CEO Rose Marcario has announced her company will donating $10 million dollars to combat climate change.
In letter posted to LinkedIn, Patagonia’s CEO announced her company is donating o non-profit groups who work on issues related to climate change and the environment. The money will be coming from the tax break Patagonia received under Trump’s tax reform bill. Under the new policy, Patagonia will be paying $10 million dollars less in taxes.
“Based on last year’s irresponsible tax cut, Patagonia will owe less in taxes this year—$10 million less, in fact,” CEO Rose Marcario writes. “Instead of putting the money back into our business, we’re responding by putting $10 million back into the planet. Our home planet needs it more than we do.”
Marcario referred to the government’s own newly released report on climate change,
“Our home planet is facing its greatest crisis because of human-caused climate disruption. All the extra heat we’ve trapped in the earth’s atmosphere is not only melting the poles and raising sea levels, it’s intensifying drought and accelerating the extinction of species. The most recent Climate Assessment report puts it in stark terms: the U.S. economy could lose hundreds of billions of dollars, and the climate crisis is already affecting all of us. Mega-fires. Toxic algae blooms. Deadly heat waves and deadly hurricanes. Far too many have suffered the consequences of global warming in recent months, and the political response has so far been woefully inadequate—and the denial is just evil.”
“Taxes protect the most vulnerable in our society, our public lands and other life-giving resources,” she added. “In spite of this, the Trump administration initiated a corporate tax cut, threatening these services at the expense of our planet.”
Patagonia isn’t new to environmental causes. Their “1% for the Planet” program donates profits to environmental projects around the world.
A note on their company site claims Patagonia has donated more than $89 million to such causes since the program first launched.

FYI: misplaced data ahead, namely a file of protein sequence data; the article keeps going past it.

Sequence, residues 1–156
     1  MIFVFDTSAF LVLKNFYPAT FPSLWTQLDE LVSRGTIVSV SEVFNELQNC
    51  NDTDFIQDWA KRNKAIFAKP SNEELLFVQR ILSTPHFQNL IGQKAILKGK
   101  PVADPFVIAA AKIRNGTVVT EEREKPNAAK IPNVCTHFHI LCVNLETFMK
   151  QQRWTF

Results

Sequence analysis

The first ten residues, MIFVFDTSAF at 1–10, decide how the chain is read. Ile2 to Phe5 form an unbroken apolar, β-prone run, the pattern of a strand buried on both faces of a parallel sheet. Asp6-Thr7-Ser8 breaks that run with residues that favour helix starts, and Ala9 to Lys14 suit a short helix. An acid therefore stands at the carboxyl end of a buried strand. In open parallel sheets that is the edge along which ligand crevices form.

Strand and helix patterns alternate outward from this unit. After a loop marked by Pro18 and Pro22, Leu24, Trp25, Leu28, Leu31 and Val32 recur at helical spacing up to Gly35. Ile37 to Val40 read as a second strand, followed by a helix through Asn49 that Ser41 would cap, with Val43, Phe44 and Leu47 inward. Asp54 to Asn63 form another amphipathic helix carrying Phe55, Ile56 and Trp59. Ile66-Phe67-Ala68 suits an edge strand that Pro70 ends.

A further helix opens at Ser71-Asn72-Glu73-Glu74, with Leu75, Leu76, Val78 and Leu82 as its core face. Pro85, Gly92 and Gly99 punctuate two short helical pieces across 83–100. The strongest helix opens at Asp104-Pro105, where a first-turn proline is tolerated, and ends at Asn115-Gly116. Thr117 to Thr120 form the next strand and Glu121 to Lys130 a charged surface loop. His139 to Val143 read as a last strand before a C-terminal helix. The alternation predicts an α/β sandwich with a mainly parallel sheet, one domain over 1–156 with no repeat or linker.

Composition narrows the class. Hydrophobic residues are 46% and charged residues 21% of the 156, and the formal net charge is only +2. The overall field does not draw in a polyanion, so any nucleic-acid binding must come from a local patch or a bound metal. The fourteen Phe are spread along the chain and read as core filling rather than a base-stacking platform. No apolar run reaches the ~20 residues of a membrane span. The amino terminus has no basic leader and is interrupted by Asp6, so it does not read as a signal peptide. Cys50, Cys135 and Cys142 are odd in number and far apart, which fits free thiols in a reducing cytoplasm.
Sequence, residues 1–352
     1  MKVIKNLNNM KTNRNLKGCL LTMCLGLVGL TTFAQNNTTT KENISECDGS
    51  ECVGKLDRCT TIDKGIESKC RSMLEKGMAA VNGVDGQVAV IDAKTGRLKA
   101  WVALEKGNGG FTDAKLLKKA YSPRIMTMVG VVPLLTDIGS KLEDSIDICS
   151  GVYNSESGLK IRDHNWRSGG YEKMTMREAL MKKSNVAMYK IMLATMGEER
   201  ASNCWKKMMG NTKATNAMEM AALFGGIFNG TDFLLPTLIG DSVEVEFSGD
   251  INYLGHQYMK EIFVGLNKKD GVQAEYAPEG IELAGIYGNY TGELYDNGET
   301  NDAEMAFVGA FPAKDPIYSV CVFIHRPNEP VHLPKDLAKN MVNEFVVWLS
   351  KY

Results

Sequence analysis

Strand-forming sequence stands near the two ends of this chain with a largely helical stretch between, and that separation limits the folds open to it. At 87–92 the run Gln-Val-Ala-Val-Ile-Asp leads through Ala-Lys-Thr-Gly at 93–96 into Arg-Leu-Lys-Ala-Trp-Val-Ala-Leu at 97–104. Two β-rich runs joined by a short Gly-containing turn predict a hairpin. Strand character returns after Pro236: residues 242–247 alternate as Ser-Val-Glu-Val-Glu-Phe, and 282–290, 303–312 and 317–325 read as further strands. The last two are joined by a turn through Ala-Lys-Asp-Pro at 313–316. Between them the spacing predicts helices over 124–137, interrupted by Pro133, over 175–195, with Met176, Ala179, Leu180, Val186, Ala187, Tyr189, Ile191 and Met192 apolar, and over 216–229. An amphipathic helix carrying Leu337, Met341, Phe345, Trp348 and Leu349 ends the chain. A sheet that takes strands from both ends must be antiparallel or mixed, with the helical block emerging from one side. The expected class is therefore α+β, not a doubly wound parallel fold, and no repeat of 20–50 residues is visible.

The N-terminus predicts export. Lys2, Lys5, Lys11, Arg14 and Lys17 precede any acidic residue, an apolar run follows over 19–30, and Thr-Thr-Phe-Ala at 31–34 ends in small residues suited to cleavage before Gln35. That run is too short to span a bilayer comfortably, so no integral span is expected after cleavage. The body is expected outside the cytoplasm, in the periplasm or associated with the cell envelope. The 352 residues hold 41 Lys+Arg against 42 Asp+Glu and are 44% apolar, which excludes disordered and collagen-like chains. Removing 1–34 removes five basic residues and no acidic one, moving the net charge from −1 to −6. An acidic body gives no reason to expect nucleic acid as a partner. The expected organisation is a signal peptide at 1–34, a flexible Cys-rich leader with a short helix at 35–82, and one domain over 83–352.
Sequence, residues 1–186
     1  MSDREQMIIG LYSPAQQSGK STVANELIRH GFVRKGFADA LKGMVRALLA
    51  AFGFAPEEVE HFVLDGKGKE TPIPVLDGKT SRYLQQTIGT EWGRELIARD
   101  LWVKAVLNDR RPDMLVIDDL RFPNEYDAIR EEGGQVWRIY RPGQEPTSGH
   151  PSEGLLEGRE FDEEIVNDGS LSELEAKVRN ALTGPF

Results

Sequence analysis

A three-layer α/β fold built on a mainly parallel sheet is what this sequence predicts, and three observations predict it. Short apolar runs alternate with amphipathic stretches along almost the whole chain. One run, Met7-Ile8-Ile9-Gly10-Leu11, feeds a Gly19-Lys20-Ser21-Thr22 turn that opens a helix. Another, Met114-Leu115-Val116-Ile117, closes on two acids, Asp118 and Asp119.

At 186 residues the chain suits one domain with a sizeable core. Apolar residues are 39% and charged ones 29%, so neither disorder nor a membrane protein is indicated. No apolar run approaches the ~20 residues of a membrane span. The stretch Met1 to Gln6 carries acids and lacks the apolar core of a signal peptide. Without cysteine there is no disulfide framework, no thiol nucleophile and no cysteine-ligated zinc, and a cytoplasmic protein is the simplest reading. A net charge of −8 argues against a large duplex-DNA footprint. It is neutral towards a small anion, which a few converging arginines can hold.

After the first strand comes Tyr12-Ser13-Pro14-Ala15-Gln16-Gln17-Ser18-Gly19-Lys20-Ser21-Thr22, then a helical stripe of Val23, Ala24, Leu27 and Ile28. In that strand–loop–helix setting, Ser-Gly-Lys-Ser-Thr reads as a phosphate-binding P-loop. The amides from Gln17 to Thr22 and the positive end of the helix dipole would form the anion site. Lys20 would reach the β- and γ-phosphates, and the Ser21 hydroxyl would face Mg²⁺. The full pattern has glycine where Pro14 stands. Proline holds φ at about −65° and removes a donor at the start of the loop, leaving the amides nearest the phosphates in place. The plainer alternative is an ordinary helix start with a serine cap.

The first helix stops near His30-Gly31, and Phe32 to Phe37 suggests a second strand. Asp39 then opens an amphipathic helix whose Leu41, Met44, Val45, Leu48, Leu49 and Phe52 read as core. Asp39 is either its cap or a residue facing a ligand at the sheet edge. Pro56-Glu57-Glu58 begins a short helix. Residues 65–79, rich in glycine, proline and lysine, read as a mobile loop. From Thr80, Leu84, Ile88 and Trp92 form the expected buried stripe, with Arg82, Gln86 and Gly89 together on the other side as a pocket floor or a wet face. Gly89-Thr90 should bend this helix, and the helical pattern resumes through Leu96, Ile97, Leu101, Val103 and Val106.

And CEO Marcario was singled out by the White House, Barack Obama’s White House that is, back in 2015 for her efforts to protect the environment.
In response to the Republicans approach to climate change, Bloomberg notes that Patagonia is getting increasingly political.
In 2017 Patagonia sued the Trump administration for getting rid of protections on roughly 2 million acres of land in Utah’s Bears Ears and Grand Staircase-Escalante national monuments. “It was the biggest elimination of public lands in a pen stroke,” Marcario says. “We’ve been protecting wilderness for decades and our customers respect nature, so if the current administration wants to sell off our cultural heritage to the highest bidder, then we’re going to do everything we can to fight it.” This year the brand also launched Patagonia Action Works, a platform customers can use to find and support environmental nonprofits based on issue and location.
In 2018, Patagonia formally endorsed two Democratic Candidates for the U.S. Senate during the 2018 midterm elections. Both candidates won. And seeing as money and politics are the two measurements of power most at the forefront of Trump’s thinking, Patagonia’s latest message is something he and his allies should take note of.